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  • Writer's pictureThe Manila Times

Recycling Coalition Steps Up on Zero-Waste Commitment

THE Philippine Alliance of Recycling and Materials (PARMS), an industry-wide nonstock and nonprofit coalition of stakeholders across the supply and waste value chain, laid out plans to step up their Zero Waste to Nature roadmap, which aims to implement up-to-date sustainable practices and systems across the industry and the country to reduce, collect and recycle waste.

DENR officials, led by Undersecretary Juan Miguel Cuna (center), hold up the PARMS EPR Program plan presented by PARMS President Crispian Lao at this year’s 22nd signing anniversary of the Ecological Solid Waste Management Act. PHOTO FROM PARMS

This declaration of commitment, which was first announced in 2020, was reaffirmed in PARMS' recent gathering for the 22nd Signing Anniversary of Republic Act (RA) 9003.

RA 9003, or the "Ecological Solid Waste Management Act of 2000," mandates a necessary policy framework, institutional mechanisms and mandate to the local government units (LGUs) to achieve 25-percent waste reduction through establishing an integrated solid waste management plan based on 3Rs — reduce, reuse and recycle.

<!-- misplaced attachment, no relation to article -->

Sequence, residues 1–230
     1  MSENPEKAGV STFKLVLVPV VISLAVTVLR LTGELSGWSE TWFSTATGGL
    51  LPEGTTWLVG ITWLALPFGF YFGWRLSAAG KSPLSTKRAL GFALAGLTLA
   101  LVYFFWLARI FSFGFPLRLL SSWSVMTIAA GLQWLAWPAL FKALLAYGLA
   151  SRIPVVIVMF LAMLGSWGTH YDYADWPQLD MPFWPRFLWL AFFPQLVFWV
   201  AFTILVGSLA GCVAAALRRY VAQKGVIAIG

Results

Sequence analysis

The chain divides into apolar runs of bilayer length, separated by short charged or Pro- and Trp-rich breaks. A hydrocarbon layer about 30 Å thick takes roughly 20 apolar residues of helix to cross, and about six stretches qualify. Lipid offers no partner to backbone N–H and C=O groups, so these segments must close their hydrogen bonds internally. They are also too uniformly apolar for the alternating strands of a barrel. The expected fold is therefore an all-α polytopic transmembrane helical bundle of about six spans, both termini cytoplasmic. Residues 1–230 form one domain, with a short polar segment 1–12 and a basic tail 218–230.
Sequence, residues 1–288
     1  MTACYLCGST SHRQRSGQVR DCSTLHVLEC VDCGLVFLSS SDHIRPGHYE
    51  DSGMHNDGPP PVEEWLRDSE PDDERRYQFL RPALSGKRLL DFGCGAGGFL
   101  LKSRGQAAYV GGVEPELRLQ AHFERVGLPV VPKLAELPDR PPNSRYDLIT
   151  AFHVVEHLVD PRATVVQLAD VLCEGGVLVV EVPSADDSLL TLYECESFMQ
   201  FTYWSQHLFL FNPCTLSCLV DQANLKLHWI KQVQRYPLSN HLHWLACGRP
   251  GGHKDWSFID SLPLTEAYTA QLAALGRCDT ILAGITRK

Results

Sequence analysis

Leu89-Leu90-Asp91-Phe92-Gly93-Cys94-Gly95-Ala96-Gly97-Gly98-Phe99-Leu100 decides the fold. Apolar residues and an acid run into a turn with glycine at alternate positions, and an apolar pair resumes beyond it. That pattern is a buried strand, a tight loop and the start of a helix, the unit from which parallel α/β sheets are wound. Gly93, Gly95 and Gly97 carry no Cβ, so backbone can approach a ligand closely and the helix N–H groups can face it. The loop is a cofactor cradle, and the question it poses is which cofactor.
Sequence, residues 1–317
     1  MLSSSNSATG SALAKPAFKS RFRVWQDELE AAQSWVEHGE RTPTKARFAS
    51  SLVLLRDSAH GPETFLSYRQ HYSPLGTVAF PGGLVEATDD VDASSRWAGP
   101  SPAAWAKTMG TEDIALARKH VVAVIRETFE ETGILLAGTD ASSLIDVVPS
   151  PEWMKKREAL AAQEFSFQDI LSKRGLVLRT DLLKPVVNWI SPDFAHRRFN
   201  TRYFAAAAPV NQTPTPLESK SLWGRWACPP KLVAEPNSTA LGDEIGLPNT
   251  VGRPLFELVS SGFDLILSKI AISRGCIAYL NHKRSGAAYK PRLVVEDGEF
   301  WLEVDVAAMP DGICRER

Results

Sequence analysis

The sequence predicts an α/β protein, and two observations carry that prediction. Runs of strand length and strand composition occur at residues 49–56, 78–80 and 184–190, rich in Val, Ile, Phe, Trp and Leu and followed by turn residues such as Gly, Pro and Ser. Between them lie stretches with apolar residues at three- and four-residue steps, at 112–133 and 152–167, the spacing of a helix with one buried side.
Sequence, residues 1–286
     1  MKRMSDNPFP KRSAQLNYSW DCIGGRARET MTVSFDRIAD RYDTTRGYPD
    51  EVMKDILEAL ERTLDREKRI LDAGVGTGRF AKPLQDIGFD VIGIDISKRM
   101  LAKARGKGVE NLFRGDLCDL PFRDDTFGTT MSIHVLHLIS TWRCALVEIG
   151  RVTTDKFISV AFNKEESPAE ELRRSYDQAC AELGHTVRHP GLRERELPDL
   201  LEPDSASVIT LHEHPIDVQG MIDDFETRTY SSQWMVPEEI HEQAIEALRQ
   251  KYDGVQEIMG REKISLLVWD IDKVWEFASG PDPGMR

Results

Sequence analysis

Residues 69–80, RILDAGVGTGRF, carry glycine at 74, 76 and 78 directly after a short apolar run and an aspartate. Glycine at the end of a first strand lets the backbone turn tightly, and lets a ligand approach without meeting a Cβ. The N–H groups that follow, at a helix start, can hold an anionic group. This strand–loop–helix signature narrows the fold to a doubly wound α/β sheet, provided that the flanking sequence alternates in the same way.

The two-day conference recently held in Quezon City discussed the new Extended Producers RA 11898, explaining how enterprises are mandated to divert a certain percentage of their verifiable plastic footprint year on year.

"In 2023, we mark the start of the Extended Producers Responsibility (EPR) journey in achieving a waste-free Philippines," said Commissioner Crispian Lao, vice chairman of the National Solid Waste Management Commission and the founding president of PARMS.

In 2020, PARMS also announced Zero Waste to Nature: Ambition 2030 to reduce, collect and recycle waste with the 2025 sustainable packaging commitments.

Other industry partners include Plastic Credit Exchange (PCX) and Basic Environmental Systems & Technologies Inc. (BEST) also showcased their programs to aid in post-consumer plastic collection.

"With the commitment and support of the government, private sector, civil society and NGOs (nongovernmental organizations), we can kick-start plastic waste circularity while investing in the waste sector and its many workers and groups." Lao highlighted the opportunity for green jobs.

"We need to change the mindsets fundamentally about plastics and focus where plastic streams are seen as a resource with value. Only with this value proposition is realized, we will see positive change," said Department of Environment and Natural Resources Secretary Toni Loyzaga in her keynote address during the conference, as read by Undersecretary Juan Miguel Cuna. "We look forward to the successful implementation of the new EPR Act, and as we continue to harmonize our efforts in reducing the country's plastic waste to achieve plastic neutrality."

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